Within the ancient Egyptian culture I am curious as to how prominent the indigo was and what the associations with the color were in more descriptive detail than just royalty. Also, what other colors were popular? Are these colors often manifested in their jewelry and beads? Lastly, you made a distinction between beads, which symbolized power, and beads that were used for religious purposes. What was the formal variation between these two types of artifacts?

    I know I proposed a lot of questions but as I was reading I became increasingly curious and thus had all the more questions. This has encouraged me to begin my own further inquiry about Egyptian beads. Although, I am less interested in how the Egyptians assisted in the evolution of bead making but rather but it meant in terms of their impact and culture and trade relations. Perhaps it helped to reinforce their economy or maybe it was just a means of status within the community.

  2. wils1071

    First off, I’d like to thank you for choosing to listen to the little voice in your head to further research something you found interesting in class. I found your blog a delight to read and found the fact that the beads were made from a flint drill to be interesting. It reminds me that human beings do not need advanced pieces of technology to create something beautiful, and I find jewelry from ancient societies to be very impressive in my eyes because of how time and hard work had to be put into it. The people who made pieces in the History of Jewelry article you included undoubtedly spent a good chunk of their life perfecting the art. The thought of symbolism mentioned in the article behind the jewelry makes them even more impressive in my eyes. It gives us slight hints about the possible culture they had back then (we may never know exactly what their culture was like). It also opens the door to many different questions.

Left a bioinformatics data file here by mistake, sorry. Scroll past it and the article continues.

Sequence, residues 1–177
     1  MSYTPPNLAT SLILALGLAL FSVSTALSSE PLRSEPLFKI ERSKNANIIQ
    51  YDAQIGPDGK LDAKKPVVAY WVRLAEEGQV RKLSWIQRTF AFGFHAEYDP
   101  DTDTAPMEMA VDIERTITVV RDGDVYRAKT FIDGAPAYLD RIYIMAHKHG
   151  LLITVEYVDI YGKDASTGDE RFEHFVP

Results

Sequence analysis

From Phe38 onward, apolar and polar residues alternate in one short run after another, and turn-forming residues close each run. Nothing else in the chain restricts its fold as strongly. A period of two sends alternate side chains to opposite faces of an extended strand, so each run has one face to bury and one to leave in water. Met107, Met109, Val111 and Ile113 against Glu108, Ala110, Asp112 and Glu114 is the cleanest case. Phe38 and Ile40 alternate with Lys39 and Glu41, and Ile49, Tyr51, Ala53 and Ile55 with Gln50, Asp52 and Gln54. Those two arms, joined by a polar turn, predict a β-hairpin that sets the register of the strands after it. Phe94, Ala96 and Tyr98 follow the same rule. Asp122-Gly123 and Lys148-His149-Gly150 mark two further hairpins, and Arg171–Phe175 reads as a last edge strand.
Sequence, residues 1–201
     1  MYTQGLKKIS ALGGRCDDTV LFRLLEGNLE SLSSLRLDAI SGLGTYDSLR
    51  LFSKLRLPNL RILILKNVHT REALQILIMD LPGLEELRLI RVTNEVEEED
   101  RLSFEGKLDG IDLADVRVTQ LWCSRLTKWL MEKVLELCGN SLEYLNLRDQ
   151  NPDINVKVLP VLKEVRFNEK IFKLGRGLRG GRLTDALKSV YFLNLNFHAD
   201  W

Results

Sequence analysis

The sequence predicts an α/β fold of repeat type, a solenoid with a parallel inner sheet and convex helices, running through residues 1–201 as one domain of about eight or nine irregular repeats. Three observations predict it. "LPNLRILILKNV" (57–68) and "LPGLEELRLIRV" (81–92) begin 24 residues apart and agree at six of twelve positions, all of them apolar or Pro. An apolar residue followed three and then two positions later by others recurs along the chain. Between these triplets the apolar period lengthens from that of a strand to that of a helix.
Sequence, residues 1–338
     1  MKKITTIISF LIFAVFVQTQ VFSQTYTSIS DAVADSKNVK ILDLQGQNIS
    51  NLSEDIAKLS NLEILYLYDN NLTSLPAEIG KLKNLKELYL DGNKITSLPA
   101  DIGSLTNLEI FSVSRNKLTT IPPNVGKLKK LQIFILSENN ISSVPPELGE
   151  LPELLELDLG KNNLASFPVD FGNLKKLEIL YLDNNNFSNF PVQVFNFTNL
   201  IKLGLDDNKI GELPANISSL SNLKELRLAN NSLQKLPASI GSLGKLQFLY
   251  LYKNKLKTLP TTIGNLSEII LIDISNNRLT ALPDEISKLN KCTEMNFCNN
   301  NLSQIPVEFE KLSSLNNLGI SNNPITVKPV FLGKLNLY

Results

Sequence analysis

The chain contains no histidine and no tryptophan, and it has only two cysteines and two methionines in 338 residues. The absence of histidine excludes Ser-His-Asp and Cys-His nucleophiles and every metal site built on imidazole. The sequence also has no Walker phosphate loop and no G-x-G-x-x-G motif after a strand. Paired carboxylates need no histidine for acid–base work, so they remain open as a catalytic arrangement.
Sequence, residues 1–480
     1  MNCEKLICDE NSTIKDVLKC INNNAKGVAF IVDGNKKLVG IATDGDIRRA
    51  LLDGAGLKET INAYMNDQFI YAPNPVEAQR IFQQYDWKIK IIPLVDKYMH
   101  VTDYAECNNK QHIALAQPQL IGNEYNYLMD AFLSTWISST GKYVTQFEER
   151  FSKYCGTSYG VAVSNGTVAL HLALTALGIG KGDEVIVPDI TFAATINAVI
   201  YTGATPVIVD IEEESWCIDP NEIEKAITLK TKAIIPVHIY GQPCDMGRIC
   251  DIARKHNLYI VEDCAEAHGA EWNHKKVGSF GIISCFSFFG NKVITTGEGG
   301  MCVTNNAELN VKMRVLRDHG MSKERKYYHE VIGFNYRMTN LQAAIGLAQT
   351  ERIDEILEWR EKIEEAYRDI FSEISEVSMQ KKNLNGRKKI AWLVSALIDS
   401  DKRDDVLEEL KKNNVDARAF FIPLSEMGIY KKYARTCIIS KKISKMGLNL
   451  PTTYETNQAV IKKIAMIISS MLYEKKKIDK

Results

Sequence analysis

Since the beads and carved stones were used not only in tombs but also had religious importance, it suggests there probably was some form of internal marketing system. What was traded among the members of the same society? Was it grain like the Egyptians traded with groups of people outside of Egypt for the stone to make the jewelry? Or was it something else? If the color blue was valued as a symbol of royalty, was it an original concept? Or did the symbolism come into Egypt from another culture through trade routes? We may never know the answers for these questions (at least not completely), but that’s the fun behind archaeology: figuring out the importance of one element of the ancient society leads to new questions for other parts of it, which will never make an archaeologist’s career never dull. There will always be one more question within the society of interest to inspire them to get back out of the field and try to find the answer. Then a new door opens and the journey starts all over again.

Comments are closed.